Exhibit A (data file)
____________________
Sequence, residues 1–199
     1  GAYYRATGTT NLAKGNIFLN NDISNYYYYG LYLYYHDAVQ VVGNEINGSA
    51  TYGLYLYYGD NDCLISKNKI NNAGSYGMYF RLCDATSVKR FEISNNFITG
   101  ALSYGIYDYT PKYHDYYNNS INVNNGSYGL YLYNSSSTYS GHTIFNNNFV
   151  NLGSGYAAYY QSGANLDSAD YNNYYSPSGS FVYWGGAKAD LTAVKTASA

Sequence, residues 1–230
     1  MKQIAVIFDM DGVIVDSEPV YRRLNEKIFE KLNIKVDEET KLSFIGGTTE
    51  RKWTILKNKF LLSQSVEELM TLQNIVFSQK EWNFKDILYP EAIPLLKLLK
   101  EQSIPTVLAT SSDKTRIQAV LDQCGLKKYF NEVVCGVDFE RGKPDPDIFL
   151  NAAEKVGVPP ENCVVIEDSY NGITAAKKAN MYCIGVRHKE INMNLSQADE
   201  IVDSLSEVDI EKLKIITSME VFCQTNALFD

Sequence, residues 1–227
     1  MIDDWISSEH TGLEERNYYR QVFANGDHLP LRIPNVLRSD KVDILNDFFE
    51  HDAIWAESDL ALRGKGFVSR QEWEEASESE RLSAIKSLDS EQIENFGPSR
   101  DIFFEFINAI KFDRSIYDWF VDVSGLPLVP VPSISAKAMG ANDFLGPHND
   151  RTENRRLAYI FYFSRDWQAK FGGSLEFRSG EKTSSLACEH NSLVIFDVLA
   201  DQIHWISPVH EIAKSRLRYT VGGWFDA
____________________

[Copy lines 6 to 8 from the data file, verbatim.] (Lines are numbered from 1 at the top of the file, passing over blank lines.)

Sequence, residues 1–230
     1  MKQIAVIFDM DGVIVDSEPV YRRLNEKIFE KLNIKVDEET KLSFIGGTTE
    51  RKWTILKNKF LLSQSVEELM TLQNIVFSQK EWNFKDILYP EAIPLLKLLK